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Never Not Working

Michael Ned Holte and Richard Maloy in Conversation*

Michael Ned Holte:  We met in August 2010, during a residency at the Headlands Center for the Arts, which is situated in the Golden Gate National Park, just north of San Francisco. It was cold and foggy there, and I found the setting radically different than the abundantly sunny one I’ve grown accustomed to in Los Angeles. But, I clearly remember you mentioning that the environment wasn’t all that different from what you were used to in New Zealand. Still, I enjoyed thinking of you traveling half way around the world to be there!


I found the displacement to that more-or-less desolate location incredibly productive. You spent many of your days driving across the golden gate bridge and into the city to do your work. What exactly were you working on, and what did you find rewarding in that particular environment?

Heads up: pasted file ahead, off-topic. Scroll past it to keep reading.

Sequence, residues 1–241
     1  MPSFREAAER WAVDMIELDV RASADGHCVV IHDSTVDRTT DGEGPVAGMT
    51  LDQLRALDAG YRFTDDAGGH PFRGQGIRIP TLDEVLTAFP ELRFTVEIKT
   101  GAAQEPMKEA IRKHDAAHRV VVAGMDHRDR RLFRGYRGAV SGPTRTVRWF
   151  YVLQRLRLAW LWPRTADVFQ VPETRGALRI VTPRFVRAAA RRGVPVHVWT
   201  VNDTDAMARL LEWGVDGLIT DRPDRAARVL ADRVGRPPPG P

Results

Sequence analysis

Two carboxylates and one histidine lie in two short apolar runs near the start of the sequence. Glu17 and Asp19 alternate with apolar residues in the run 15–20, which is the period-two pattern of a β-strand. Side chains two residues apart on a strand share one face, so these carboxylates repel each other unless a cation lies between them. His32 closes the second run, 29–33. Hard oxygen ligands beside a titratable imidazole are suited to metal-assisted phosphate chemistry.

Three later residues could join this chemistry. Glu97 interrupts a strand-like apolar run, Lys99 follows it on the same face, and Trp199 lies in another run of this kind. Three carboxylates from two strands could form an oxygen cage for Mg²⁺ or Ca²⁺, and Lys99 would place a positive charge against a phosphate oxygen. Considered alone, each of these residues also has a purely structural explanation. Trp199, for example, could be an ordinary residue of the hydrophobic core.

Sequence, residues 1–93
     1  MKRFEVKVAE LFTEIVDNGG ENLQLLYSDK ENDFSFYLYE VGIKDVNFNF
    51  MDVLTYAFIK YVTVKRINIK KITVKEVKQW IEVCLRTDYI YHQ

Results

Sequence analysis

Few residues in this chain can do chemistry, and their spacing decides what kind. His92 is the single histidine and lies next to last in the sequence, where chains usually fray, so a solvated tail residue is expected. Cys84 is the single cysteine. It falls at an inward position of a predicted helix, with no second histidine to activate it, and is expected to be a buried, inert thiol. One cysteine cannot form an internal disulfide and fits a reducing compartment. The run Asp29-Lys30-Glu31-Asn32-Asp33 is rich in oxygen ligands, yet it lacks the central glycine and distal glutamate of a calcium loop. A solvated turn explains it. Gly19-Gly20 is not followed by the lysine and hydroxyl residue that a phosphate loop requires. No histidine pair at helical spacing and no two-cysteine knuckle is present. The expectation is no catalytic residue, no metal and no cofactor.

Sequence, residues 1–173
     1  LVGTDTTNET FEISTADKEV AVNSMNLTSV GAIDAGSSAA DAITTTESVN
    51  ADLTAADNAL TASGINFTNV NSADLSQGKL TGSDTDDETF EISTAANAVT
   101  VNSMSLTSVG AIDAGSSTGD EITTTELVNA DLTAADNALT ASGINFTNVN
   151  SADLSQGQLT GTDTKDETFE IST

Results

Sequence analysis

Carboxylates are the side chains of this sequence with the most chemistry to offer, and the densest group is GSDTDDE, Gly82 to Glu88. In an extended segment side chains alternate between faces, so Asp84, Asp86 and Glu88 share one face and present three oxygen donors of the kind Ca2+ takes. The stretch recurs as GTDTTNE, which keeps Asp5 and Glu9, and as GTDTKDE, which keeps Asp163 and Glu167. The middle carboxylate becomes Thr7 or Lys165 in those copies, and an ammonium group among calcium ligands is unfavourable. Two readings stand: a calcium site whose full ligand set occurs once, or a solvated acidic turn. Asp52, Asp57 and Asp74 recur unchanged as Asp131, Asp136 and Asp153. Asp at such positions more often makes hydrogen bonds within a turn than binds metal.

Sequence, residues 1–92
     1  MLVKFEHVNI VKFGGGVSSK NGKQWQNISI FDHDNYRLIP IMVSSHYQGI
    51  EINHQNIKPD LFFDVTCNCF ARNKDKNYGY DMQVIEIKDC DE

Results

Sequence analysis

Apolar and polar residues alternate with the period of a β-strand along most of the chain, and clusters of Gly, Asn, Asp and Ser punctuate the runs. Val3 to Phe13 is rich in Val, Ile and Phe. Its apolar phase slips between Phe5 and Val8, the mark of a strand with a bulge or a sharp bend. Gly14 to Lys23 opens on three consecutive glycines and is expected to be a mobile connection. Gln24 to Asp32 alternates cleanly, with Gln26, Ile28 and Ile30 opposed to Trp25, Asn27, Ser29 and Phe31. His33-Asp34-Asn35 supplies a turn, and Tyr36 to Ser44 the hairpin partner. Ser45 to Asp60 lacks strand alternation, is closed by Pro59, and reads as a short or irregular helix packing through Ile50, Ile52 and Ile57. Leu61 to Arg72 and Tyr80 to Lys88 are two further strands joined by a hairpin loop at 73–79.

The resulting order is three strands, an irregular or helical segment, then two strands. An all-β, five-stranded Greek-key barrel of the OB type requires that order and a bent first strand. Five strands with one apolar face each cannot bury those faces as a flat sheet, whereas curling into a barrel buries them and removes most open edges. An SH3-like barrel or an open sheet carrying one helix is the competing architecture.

Richard Maloy: Can you believe it’s been a whole year since we met? The food on that residency was amazing; they should produce a cookbook. My studio in New Zealand is on the outskirts of Auckland, in a small rural community close to nature, with black sand beaches and rugged landscape, much like the environment we found ourselves in the Golden Gate National Park. Unlike the other artists there who were in awe of the landscape, I found myself indifferent. So instead I sought out the hustle and bustle of the big city. I needed concrete and neon light. All I had to do was get myself across that Golden Gate Bridge to the city… which I did by boat, bike, bus, car, and walking.

I worked on three different projects while in San Francisco. First, the post-production of a series of photographs I had shot literary hours before I left Auckland.  They were 1:1 scale photographs of art students’ studio tabletops that I exhibited during the residency’s Open Studio day, perhaps before you arrived.